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International Journal of Advanced Research and Publications

ISSN: 2456-9992

Study On The Performance Of Clarias Gariepinus


Fed With Local Integrated Fish Feed
Victor. N Enwemiwe
Delta State University, Department of Animal and Environmental Biology, Abraka, Delta State, Nigeria. PH-2347031882676
enwemiwevictor@gmail.com

Abstract: A study on the performance of Clarias gariepinus (fingerlings) fed with integrated fish meal as diet with two various level of
formulations was carried out. The feed trial was for 77 days to compare the length-weight gain of fish reared with commercial diets and
those reared with 50% and 100% integrated fish meal respectively, the control group were fish fed with commercially procured feed with no
integration. The fishes were fed twice on day-to-day basis at 5% body weight for the experimental period. A random sampling of ten (10)
fishes was done weekly to determine the growth performance of the fish. Results divulge significant difference (p<0.05) in the final mean
body weight, mean body length and specific weight gain within experimental diets with the highest in fingerlings bred with 100% integrated
fish meal. Even though, fish fingerlings fed with commercial livestock feed consumed more feed and attaining advanced feed conversion
ratio values than those fed with integrated fish meal of 50% and 100% formulations respectively. The study therefore inveterate that
integrating fish meal into percentages of between 50% and 100% formulations could act as a substantial replacement and supplementary
feed for C. gariepienus fingerling; encouraging 46-50% growth with decrease mortalities.

I. Introduction imported fish meal tagged expensive is undoubtedly the best


Fish to feed the world populace, is an essential resource with source of protein for artificial fish culture because its protein
an estimate of 16% of high-quality animal protein consumed quality and palatability supports good fish growth (Miles and
(FAO 1997). Its culture accounts for a significant measure in Chapman, 2012). Fish meal is the conservative source of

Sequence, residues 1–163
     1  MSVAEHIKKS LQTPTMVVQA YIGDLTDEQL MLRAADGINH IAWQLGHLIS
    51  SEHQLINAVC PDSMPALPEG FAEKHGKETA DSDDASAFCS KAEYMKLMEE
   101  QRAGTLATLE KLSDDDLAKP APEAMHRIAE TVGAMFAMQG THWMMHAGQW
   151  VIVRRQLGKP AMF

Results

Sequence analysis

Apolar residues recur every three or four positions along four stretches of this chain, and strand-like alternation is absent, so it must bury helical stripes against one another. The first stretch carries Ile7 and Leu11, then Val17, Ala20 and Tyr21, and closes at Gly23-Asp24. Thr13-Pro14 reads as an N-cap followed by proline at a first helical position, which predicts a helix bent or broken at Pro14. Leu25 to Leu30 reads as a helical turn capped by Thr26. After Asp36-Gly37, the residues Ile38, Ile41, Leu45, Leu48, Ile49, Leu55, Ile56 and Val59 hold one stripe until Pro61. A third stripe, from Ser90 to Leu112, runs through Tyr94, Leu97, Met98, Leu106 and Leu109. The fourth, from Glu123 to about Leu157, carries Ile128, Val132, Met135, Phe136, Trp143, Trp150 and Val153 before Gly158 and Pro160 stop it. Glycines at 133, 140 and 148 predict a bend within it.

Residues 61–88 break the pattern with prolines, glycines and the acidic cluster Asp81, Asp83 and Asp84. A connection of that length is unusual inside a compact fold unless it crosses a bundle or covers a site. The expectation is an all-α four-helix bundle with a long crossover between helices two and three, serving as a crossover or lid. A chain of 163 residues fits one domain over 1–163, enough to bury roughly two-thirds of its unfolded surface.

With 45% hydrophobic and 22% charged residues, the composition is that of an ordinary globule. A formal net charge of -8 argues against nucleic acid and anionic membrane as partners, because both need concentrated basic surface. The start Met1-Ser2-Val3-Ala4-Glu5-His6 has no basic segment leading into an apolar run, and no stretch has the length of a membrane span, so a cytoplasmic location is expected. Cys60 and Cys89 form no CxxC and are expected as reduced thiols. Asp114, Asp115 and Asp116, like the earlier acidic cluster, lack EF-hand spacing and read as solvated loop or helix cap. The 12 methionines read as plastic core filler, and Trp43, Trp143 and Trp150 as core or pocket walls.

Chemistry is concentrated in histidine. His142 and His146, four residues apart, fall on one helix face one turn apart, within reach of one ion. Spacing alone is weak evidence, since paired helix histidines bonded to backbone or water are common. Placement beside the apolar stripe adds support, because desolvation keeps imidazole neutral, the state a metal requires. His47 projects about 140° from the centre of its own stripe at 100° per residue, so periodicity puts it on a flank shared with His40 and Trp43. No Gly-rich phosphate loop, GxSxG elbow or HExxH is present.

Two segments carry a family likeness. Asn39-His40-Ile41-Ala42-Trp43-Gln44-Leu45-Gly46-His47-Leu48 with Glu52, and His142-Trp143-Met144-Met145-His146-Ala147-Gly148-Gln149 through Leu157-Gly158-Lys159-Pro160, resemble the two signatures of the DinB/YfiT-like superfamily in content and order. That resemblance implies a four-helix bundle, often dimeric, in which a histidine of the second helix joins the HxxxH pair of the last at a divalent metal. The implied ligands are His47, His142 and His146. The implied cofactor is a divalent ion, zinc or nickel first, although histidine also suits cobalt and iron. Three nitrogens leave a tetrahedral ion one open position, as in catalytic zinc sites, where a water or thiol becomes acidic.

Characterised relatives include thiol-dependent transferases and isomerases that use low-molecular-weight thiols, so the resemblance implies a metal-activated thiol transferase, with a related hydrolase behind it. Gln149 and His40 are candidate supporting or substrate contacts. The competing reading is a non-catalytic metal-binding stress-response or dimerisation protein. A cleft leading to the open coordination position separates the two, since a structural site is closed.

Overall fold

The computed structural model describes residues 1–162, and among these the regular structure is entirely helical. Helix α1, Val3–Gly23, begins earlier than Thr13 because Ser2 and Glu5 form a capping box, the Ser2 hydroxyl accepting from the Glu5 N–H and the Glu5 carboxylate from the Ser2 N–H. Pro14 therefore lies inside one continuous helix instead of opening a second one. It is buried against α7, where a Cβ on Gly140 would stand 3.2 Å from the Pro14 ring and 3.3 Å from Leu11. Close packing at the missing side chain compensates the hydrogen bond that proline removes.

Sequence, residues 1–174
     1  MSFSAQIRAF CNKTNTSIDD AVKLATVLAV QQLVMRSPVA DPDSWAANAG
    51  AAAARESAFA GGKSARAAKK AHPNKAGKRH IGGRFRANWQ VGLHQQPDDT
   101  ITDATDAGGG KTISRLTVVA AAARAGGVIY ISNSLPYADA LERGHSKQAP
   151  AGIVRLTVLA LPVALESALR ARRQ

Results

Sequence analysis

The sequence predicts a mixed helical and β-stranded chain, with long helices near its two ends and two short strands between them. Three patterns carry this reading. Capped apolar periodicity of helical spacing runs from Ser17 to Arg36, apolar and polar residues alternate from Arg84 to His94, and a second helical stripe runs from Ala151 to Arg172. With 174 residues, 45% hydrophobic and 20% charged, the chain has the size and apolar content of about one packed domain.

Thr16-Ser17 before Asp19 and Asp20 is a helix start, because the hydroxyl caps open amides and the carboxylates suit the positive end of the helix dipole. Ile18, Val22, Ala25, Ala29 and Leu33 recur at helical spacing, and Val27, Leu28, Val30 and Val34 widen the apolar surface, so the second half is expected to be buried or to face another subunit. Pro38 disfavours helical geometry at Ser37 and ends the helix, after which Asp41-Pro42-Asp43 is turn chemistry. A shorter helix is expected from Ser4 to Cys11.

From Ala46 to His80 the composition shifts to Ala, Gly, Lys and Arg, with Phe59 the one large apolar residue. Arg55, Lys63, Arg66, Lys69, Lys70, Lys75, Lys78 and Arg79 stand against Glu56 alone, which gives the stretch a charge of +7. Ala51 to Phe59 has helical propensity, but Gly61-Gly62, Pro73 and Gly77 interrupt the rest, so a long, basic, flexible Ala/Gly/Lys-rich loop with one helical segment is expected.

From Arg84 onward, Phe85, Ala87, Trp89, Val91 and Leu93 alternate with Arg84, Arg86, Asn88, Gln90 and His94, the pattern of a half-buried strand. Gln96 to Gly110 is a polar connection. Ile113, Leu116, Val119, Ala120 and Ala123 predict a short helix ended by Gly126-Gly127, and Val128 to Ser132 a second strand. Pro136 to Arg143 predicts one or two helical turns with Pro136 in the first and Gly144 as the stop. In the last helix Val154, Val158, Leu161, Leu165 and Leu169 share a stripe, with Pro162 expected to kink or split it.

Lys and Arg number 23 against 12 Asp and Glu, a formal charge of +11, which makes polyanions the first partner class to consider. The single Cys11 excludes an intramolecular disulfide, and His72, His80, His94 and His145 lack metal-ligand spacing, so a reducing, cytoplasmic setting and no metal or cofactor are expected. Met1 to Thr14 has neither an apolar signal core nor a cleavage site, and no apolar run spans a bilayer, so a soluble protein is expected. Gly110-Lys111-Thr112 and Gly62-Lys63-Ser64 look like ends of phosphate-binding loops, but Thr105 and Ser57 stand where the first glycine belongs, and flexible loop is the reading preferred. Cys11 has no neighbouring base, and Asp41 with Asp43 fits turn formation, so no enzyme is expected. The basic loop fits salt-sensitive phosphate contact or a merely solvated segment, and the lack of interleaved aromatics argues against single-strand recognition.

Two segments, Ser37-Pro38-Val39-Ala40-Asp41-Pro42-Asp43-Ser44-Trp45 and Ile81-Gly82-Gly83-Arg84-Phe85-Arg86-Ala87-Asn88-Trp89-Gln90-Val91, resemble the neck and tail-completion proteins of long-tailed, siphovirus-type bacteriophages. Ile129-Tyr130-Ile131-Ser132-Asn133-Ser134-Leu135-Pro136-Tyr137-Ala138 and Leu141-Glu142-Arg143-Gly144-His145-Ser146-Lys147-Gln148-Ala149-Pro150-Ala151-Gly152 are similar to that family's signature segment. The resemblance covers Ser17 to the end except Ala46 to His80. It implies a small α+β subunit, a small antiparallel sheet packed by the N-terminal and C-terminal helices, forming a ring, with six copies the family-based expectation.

protein deficiency in any region in space and also are animal protein in fish diet which has been valued for its
considered one of the speedy rising sectors in the world with stable amino acids, vitamin contents, palatability and growth
an annual increase of about 10% reported (FAO, 1997). factors (Tacon, 1983). The cost of purchasing a complete
According to FAO estimates, about a billion of the world fish meal is a major identified barrier to capture fisheries and
population rely on fish as animal protein source with less reducing this cost involves the use of locally available feed
than 10% reportedly consumed in North America and stuff especially by-products of agriculture (Fagbenro, 1999).
Europe, 17% in Africa, 26% in Asia and 22% in China Thus blood meal, a common abattoir waste is always readily
(FAO, 2000). It is reported in studies that the African available for use as cheaper alternative protein source. The
catfish, Clarias gariepinus, requires about 40% crude protein development and addition of more sustainable aquaculture
in their diet and all African catfish species also requires 35- feed products to the existing is important to supplement as
50% crude protein for high performance (Wilson and the available. This research is therefore, aimed at evaluating
Moreau 1996; Adebayo and Quadri, 2005). The African the length and weight gain as a requisite for growth criteria
catfish, Clarias gariepinus, has been recognized as a fish in Clarias gariepinus fed with local integrated fish feed as
species with the greatest potential to contribute to the growth substitution to fish meal.
of aquaculture in Nigeria as it contributed about 35% of total
production in 2003 (Udo and Umoren, 2011). To reach high 2. Methodology
level of fish production, there is need to redress the trials The 50% and 100% integrated feed formulations were made